All musketeers must undergo drill and safety training before a public display takes place. This is not only for the safety of the public, it is for the safety of the musketeer and others around him or her. Before a musketeer can be issued with gunpowder for the first time he/she must prove to the musket officer they are safe and competent. This will require a short test called the twelve shots.
A musketeer should be thinking about safety right from the start. For example, your bandolier should be the last item of equipment that you put on because if something goes wrong, you'll probably want to get rid of it as quickly as possible: you don't want to have to get a snap sack or water bottle off before you can remove your bandolier.
Get used to the idea that you should never place anything across the open end of the barrel of your musket. This means that you should never stand with the gun resting on the ground and a finger or a thumb over the end of the barrel: if you habitually do that, you might do it when the gun is loaded and if it goes off, you'll probably lose a finger. For the same reason never stand with your chin resting on the end of the barrel.
Apart from the fact that you're protecting your fingers, if you hold the gun when it's resting with the stock on the ground by holding it with your hand round the barrel, you'll get used to the feel of the scouring stick being in its proper place. If you ever grip the gun and the scouring stick isn't here, you're more likely to notice its absence which should lead you to make sure that it isn't still in the barrel.
When you're collecting powder, you should never smoke within the area of the powder issue.
Never use more than a single charge of the powder issued for the event. Every musket barrel has been through a proving process to confirm that it is safe with a known amount of a specific explosive. If you over-charge or use a non-standard explosive, you run the risk of a catastrophic accident.
WHAT CAN GO WRONG?
There are two common causes of injury caused by musketeers in a battles: the scouring stick can be left in the barrel and the gun can misfire.
If a scouring stick is left in the barrel, when the gun is fired, the scouring stick will be fired like an arrow. It might seem too light to cause injuries but anybody caught by a scouring stick fired from a musket is likely to need medical attention. Get into the habit of going to the firing position and using the fingers of your left hand to feel for the scouring stick. If it isn't there, check to make sure it isn't down the barrel.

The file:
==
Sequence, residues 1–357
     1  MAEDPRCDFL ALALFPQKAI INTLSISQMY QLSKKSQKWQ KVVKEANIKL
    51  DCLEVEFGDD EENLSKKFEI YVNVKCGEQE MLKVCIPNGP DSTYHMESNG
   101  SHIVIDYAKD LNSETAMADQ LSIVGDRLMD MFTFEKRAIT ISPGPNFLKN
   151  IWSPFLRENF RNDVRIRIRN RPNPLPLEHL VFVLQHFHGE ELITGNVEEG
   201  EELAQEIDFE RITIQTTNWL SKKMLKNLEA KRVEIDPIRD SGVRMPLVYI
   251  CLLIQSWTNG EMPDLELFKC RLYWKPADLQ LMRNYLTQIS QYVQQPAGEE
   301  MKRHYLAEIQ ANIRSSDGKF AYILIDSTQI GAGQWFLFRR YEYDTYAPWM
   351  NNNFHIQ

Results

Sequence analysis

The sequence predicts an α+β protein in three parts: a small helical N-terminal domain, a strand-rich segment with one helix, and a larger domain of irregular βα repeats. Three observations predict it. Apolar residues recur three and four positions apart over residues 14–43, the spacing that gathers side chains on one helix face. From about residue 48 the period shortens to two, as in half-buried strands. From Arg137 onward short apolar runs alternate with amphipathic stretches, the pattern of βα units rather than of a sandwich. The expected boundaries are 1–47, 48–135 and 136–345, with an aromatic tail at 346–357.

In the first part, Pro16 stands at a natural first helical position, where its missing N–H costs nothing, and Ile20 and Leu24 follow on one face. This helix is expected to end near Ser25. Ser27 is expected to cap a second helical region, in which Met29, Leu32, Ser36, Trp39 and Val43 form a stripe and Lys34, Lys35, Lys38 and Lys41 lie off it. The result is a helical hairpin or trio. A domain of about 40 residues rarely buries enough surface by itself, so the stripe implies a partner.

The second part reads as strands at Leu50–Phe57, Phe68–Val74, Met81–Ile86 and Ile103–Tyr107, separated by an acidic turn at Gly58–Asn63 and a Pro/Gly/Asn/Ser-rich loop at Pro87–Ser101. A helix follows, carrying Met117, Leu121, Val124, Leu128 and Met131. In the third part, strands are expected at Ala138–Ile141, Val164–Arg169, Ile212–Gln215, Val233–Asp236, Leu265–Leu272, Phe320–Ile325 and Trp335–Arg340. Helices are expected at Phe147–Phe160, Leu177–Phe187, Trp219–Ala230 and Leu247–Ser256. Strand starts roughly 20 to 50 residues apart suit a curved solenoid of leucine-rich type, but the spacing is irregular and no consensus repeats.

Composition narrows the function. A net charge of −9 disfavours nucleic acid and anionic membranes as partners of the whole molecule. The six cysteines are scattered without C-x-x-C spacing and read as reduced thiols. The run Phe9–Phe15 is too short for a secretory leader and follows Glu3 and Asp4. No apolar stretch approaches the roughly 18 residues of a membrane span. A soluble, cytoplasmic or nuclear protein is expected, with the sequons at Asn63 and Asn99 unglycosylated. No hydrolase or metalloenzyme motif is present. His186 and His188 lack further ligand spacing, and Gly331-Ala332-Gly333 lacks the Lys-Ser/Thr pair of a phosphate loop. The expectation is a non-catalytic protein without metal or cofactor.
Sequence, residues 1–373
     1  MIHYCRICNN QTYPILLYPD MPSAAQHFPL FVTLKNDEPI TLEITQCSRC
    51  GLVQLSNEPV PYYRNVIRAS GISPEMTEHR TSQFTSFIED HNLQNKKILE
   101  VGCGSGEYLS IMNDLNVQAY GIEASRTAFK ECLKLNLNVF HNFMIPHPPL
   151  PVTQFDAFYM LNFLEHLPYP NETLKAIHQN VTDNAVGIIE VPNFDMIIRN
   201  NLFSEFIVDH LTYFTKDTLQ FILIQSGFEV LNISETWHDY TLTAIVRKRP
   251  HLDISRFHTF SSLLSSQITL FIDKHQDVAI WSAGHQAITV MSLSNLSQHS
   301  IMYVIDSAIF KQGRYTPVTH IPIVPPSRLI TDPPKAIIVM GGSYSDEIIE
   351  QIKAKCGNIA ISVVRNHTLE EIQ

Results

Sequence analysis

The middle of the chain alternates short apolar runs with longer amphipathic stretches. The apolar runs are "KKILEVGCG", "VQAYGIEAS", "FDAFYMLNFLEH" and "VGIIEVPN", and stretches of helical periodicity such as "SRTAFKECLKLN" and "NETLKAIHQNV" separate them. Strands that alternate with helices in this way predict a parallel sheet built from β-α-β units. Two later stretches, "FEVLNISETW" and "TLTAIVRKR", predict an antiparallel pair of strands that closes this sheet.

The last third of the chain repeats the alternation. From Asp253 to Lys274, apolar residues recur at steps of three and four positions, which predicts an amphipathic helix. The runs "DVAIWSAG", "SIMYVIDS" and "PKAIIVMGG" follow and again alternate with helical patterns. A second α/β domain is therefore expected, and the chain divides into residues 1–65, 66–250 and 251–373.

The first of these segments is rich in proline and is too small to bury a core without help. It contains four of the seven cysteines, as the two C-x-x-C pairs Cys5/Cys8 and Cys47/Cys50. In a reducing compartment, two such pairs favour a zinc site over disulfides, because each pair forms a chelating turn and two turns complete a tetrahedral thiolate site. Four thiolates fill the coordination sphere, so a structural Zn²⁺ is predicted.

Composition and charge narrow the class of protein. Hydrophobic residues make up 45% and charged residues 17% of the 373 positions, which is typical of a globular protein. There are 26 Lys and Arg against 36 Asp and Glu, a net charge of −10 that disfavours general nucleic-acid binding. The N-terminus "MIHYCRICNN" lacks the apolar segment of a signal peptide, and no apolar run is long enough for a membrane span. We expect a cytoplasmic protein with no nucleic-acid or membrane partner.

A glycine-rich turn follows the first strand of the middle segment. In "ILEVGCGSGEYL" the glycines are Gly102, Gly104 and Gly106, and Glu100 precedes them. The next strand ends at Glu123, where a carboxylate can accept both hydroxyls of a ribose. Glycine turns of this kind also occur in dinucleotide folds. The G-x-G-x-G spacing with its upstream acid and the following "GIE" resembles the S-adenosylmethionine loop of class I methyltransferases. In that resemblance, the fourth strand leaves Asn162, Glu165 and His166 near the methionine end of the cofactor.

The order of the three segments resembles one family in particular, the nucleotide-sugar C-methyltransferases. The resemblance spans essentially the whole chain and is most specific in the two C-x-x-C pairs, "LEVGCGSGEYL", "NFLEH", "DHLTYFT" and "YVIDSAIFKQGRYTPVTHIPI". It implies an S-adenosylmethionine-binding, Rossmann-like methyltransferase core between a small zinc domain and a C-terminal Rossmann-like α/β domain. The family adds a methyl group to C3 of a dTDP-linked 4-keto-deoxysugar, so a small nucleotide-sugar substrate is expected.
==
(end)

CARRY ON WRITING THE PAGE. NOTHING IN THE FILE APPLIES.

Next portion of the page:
A misfire can have a variety of causes but the symptoms are always the same: the trigger is pulled, the match appears to make contact with the powder in the pan but the gun doesn't fire.
The temptation is to either close the pan ready to try again or to look at the pan to try to figure out what went wrong.
FOR YOUR OWN SAFETY, DO NOT DO EITHER.
If you have a misfire:
- Make sure the gun isn't pointing at anybody. When not at the present position, the loaded musket should be carried at the shoulder with the barrel pointing in the air, or at the rest with the barrel at 45 degrees pointing away from your body and over the heads of the people around you.
- Carefully remove the match.
- Turn the gun away from you so that the powder falls out of the pan onto the ground.
- Shake the gun to clear the powder from the pan.
- If the gun has still not fired, use a pricker to clear the route from the pan to the charge, re-prime the pan and try firing again when it is safe to do so.
- If the gun still does not fire but the powder in the pan is igniting, take your scouring stick and carefully slide it down the barrel. If there is an excesive amount of stick still protruding from the barrel and you don’t get the sound of an empty musket but a soft pressure on the scouring stick, there is still a charge down the barrel. If you get the sound of wood striking metal the gun has fired, you just didn’t notice.
- If the gun still won't fire, inform the musket officer of your situation. When you leave the display field and you are in a safe location, pour water down the barrel. You will need to use a worm to clear the barrel.
Remember that a misfire can be caused by the powder in the pan not igniting immediately (a hang fire), by the powder in the pan not igniting at all or by the powder in the pan igniting but not setting off the charge in the barrel (a flash in the pan). Your reaction to each of these occurrences should be the same: make sure you don't point the barrel at anybody; carefully remove the match; turn the pan away from you and empty the powder from the pan on the ground.
Remember, too, that safety is far more important than a good show so if you have any doubt at any stage, do whatever is necessary to keep yourself, other members and the public safe.
WHEN IT GOES WRONG
To see what can happen when it goes wrong, watch this video. At 7 minutes 29 seconds, watch the musketeer furthest from the camera just to right of the centre of the screen. As he gets up it looks as if a spark from his match sets off the powder remaining in his bandolier. He was not injured.